Last June, after a 21-year-old white gunman, entered a church in Charleston, South Carolina, declared he was there “to shoot black people,” and killed nine, the image of the Confederate battle flag began disappearing across the country. The shooter had posed with the flag in pictures before the shooting, and his car had Confederate license plates. The massacre catalyzed a bipartisan movement to erase the symbol from public display. The Confederate flag was removed from South Carolina’s statehouse, and monuments and memorials honoring Confederate soldiers were taken down. Walmart, Amazon, and other big-name retailers stopped selling any merchandise bearing the symbol. Last month, the Republican-controlled House passed legislation that would ban the flag from some military cemeteries.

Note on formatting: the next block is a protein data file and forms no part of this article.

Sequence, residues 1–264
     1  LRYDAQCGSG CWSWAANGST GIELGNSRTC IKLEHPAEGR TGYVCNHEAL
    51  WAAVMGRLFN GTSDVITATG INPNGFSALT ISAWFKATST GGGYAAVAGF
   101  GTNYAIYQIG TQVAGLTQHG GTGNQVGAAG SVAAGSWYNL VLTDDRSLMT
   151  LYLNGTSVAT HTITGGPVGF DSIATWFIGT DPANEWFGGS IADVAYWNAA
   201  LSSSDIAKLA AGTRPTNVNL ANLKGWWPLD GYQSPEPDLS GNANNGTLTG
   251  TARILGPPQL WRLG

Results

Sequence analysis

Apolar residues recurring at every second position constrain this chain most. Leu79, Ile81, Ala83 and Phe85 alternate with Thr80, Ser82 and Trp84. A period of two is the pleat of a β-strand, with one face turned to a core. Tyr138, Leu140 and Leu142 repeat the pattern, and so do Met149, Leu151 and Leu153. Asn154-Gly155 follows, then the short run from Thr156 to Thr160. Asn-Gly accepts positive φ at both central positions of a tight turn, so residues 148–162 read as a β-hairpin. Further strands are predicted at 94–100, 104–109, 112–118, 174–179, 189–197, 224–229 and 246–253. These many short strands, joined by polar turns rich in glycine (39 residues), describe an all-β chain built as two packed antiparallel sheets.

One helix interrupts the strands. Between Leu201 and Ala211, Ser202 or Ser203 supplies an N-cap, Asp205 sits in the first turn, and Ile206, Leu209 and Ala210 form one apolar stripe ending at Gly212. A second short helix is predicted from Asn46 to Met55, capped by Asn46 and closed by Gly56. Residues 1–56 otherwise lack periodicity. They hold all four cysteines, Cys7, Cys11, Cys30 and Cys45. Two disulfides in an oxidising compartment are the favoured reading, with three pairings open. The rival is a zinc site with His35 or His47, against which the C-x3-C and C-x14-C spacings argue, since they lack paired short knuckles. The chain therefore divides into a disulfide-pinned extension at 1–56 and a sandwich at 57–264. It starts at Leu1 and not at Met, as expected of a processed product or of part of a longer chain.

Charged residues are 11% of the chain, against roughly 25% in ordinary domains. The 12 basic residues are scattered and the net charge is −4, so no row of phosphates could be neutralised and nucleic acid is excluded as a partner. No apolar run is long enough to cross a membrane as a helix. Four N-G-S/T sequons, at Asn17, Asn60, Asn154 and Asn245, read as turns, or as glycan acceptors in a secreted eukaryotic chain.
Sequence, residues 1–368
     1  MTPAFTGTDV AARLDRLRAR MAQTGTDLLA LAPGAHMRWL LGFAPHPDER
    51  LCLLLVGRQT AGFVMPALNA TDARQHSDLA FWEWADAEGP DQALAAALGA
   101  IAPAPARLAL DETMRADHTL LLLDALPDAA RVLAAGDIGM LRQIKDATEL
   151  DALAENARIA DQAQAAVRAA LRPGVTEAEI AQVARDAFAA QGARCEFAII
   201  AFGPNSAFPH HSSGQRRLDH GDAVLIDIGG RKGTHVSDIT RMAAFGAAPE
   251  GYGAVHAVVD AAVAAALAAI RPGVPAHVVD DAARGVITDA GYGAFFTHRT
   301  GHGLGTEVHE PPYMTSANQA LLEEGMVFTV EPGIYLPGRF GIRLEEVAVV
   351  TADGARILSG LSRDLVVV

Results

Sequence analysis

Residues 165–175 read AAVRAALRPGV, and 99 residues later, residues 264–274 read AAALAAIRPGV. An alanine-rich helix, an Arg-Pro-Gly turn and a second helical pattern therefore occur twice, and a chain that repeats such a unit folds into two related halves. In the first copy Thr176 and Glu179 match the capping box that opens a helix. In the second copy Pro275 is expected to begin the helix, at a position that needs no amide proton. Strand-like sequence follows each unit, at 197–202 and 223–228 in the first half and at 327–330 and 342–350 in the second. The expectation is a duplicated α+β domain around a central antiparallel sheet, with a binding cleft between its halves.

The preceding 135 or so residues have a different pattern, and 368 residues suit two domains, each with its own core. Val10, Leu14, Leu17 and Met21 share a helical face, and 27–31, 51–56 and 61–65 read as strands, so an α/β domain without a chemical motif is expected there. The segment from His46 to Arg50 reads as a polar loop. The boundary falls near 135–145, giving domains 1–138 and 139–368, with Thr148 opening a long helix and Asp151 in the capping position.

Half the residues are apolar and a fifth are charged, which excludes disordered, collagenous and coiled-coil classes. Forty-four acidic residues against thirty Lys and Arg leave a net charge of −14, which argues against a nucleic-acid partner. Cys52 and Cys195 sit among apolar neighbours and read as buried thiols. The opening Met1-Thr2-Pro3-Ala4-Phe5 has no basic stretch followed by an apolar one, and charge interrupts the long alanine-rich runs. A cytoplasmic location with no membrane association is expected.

This week, the National Cathedral in Washington, D.C., one of the country’s most prominent churches, followed suit, voting unanimously to remove the two images of the Confederate battle flag from its windows. The cathedral said in a statement Wednesday the images will be replaced by plain glass, and the removal will be paid for by private donors.
Mariann Edgar Budde, bishop of the Episcopal Diocese of Washington and the interim dean of the cathedral, told The New York Times Thursday she only learned of the images’ existence last summer.